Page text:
5. It’s been the hardest book to write by far. TTG stayed miraculously on-point. It only very occasionally diverged from the outline, and only in minor ways. TDA was a far more rambling, out of control creature… but it was also my first book and was a simpler narrative. It was easier to course correct when it strayed. But THS would not stay on topic. Chekov’s guns refused to fire. Entire characters wouldn’t fulfill their designated role. Planned dynamics didn’t play out. New characters appeared. Events played out differently than I envisioned. This book just would not behave, and with so many moving pieces I needed to get squared away for the final book, it was a pain to restructure everything over and over again!

6. I know a whole lot about apples, ciders, and horticulture now. Like, too much. Olivia’s family runs a famous orchard, mill, and cidery. I have something like fifty pages of research about apples, of which I’ve used maybe three lines. Oh, well. I got to drink a lot of different hard ciders for research 😉

Hungry for more? Keep your eyes peeled for more information about The Heartreader’s Secret, coming… hopefully soon!

October Reads – Oct 2

Continuing my series of spooky SFF reads you can pick up to get into the October spirit, here’s day two!

The Poison Throne by Celine Keirnan

7302398What’s it about?

Daughter of the king’s trusted confidante, Wynter grew up close friends with the two royal princes. Returning to the castle where she was raised after a long absence, she quickly learns that something has changed. The king has become a malevolent shadow of himself, his eldest and favoured son missing, and gibbets, torture, and whispers of a horrific ‘Bloody Machine’ have turned Wynter’s childhood home into a nightmare.

This is the first book in the Moorehawke Trilogy, a dark but still airy-feeling character driven fantasy series by Irish author Celine Keirnan. They’re fast reads with really compelling relationships and a lot of diversity!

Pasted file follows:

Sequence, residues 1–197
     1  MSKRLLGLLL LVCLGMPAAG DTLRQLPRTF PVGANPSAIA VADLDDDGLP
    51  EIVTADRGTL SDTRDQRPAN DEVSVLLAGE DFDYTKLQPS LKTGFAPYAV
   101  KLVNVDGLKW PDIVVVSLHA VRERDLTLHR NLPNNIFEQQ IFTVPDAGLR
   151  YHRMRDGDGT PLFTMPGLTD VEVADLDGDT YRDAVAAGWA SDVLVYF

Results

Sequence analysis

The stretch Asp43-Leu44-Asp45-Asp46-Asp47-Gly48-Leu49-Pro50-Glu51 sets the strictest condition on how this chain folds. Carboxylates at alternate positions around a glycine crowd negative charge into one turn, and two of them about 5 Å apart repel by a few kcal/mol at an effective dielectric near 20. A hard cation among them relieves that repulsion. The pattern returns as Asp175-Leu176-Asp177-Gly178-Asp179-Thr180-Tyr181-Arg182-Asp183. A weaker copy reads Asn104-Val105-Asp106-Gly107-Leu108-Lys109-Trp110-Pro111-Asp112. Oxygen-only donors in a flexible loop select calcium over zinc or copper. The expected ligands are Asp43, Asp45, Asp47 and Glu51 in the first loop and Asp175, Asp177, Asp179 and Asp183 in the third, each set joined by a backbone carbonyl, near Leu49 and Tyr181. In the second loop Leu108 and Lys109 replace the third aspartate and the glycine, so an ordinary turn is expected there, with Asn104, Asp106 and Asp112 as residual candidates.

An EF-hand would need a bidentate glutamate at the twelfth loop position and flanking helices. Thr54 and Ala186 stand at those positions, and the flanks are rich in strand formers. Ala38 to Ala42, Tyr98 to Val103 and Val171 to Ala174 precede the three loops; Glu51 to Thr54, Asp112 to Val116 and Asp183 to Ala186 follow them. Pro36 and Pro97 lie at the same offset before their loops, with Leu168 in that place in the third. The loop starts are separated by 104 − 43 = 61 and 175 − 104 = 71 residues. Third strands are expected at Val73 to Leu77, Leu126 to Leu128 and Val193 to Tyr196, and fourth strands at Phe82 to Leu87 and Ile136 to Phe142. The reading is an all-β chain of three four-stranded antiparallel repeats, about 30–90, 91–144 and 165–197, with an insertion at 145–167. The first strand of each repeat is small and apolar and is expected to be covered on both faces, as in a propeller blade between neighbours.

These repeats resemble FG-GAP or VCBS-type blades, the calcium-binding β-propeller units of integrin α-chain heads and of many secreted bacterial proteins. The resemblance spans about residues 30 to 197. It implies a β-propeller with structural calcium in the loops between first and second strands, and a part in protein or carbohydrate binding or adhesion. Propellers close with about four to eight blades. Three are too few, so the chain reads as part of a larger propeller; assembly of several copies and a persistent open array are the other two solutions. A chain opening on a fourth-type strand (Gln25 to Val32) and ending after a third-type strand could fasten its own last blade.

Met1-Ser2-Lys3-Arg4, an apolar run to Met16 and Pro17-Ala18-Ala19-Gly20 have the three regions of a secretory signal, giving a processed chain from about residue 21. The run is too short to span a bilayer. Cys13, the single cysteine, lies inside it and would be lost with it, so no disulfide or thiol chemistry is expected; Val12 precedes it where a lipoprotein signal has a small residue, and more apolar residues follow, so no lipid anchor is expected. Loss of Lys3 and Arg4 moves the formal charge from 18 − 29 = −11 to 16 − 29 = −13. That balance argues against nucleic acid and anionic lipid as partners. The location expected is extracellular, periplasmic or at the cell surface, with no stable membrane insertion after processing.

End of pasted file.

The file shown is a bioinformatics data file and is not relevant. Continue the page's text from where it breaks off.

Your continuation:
How SFF is it?

Very! It takes place in a barely alternate Earth populated by talking cats, friendly ghosts, and werewolves howling in the night. It has a late west European medieval/early Renaissance feel to it. While not really high fantasy — few characters have any sort of real magical abilities — it definitely fits nicely into what you’d expect from a fantasy novel.

Why is it spooky?

Those friendly ghosts I mentioned above aren’t being so friendly anymore. The castle the book takes place in is haunted, and where once it’s spirits were friends, they’ve turned strange and mad and malevolent. There are some really outright eerie sequences involving the castle’s undead denizens!

This book also just has a sense of creeping dread about it. There isn’t much action and it’s a very slow burn, but it works well with the heavy sense that Something Is Wrong, that terrible things are happening and are only getting worse, that there is some awful unknowable secret just under our feet.

Finally, there’s some grisly details that add a gothic tone to it all, with the tortures mad King Jonathan is inflicting on his subjects and the way the castle has changed.

October Reads – Oct 1

I looooove the fall!

Specifically, I love October. I love the cool air, the leaves changing, the pumpkin spice, and getting to break out my scarves and sweaters. The sights and smells and mood are all just one of my favourite times of year! Moreover, the third Faraday Files book, which I’m working at a breakneck pace to finish this month, takes place deep in the Harvest season! So the autumn mood is really inspiring me!